Jon Stewart goes nightly on Comedy
Central January 11
The Daily Show with Jon Stewart will
be seen Sundays through Thursdays at 11 p.m. on cable's Comedy
Central beginning January 11. This time Jon Stewart is taking
We know you've heard the 36-year-old comedian
and talk-show host's name mentioned in the past in connection
with other shows. Rumors that didn't turn out to be true.
But this job is a lock.
Stewart joins Comedy Central on January
11 at 11 p.m. as host of The Daily Show with Jon Stewart.
He'll step in for the departing Craig Kilborn, who, after
2 1/2 years, is going to CBS to take over The Late Late
Show beginning this spring, replacing Tom Snyder.
So how did it all come to pass? "It
was the sorties that I flew over Comedy Central," says
Stewart, calling from New York the morning after the United
States had bombed Iraq. Then, playing to his interviewer based
in Hartford, he adds, "Hey it's not like getting the
Patriots, but it's still a nice gig."
That's what Stewart will do on The Daily
Show with Jon Stewart -- keep the humor targeted and topical.
("Same World. Different Take," says Comedy Central)
Expect The Daily Show to remain true to its roots,
says Stewart, with comically twisted news of the world, pop
culture, sports, entertainment, etc.
"The whole thing for me is just trying
to fit into the groove," he says. "I mean they've
had a good thing going for a couple of years and they really
know how to run it. So I'm trying not to be the fly in the
ointment. It's going to take me a while to adjust to them
and of course for them to adjust to me." Some changes
are inevitable, but clearly the philosophy is "If it
ain't broke, don't fix it."
Of course, a lot of industry-watchers thought
Stewart would be working for HBO right now. Wasn't he supposed
to take over for Garry Shandling as host of HBO's The Larry
Sanders Show? It certainly looked that way. Both on and
off the air. "It was really a story line in the show
more than anything else," says Stewart. Fans will recall
Shandling's perpetually threatened Sanders spent a lot of
time worrying about Stewart, who played himself, in the critically
acclaimed series within a series. Further fueling speculation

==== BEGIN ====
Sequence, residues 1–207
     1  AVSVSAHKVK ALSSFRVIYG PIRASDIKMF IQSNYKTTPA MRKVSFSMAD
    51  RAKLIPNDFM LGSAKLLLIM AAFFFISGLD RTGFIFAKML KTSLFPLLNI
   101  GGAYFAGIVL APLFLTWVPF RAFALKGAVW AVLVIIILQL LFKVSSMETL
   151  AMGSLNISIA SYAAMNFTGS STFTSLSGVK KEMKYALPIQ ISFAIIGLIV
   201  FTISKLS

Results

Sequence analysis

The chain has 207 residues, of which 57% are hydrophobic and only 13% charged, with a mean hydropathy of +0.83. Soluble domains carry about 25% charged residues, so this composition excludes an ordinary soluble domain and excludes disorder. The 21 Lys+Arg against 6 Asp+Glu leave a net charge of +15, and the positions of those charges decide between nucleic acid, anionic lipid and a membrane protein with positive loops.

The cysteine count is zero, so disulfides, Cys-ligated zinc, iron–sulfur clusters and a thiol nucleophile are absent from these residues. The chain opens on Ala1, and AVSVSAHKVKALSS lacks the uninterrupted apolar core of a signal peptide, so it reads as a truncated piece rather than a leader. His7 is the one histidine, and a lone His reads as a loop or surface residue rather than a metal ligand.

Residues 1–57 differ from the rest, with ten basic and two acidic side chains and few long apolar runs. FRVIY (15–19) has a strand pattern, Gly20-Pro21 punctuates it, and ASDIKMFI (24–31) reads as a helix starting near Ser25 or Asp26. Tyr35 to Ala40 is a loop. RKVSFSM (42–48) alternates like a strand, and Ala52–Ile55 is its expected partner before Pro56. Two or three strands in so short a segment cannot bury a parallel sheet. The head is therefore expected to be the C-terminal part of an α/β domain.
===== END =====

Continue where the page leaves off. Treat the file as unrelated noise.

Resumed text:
was the fact that behind the scenes, Stewart was working as
a creative consultant. But Stewart downplays it now. "It
meant, basically, I would sit there and go `Gary, you're a
winner, wear the blue sweater.' "
Sure, there was some talk, he says, "But
luckily, unlike the people who created After MASH,
we had the sense to go, `You know, maybe they wouldn't be
that interested in what happened to Klinger and Radar when
they got to Iowa."
Still, when late-night slots have opened
in the past, Stewart's name has frequently come up. But unless
those discussions, says Stewart, are going on in your living
room, "you don't really hear it."
Stewart, who came fast and furiously out
of MTV a few years ago, hosted his own talk show, The Jon
Stewart Show, on the channel before it was snapped up
by Paramount for national syndication. The show, alas, lasted
only 10 months after it began in September 1994. "Although,"
he says, laughing, "it remains the longest-running, late-night
nightly syndicated talk show hosted by a white man. And I
cling to that distinction, my friend!"
He's been busy in the interim, though. This
fall, his first book, Naked Pictures of Famous People,
a collection of comic essays, was published. "It takes
about 20 trips to the bathroom to polish the whole thing off,"
he says by way of review.
And you can see Stewart in two feature films
-- the upcoming Playing By Heart, in which he co-stars
as romantic interest to Gillian Anderson -- and in The
Faculty, which he describes as "Sci-fi with hip lingo.
Dawson's Creek gone mad!" Of his own Faculty
role, Stewart quips, "I play the guy who gives the scientific
explanation in every sci-fi movie [so] you know pretty much
I'll get killed almost immediately. It's like being a black
guy in an outer-space movie." Stewart also has just completed
work on Big Daddy, which stars Adam Sandler.
The Comedy Central proposal came last summer.
Stewart says it quickly came together, in part, because "I
knew them cats. We'd all worked together before at MTV on
the old talk show." Eileen Katz, former executive producer
of The Jon Stewart Show, is now executive vice president
of programming at Comedy Central.
Stewart likes the way the transition has
worked out. He was a guest on Kilborn's penultimate show,
December 16. "One of the nice things for me on this,"
says Stewart, speaking of his predecessor, "is here's
a guy who did a great job and got a great opportunity and
moved on. So I don't have that creepy feeling of being sort
of named as Johnny Deathwatch standing in the wings waiting
for a guy to get tuberculosis."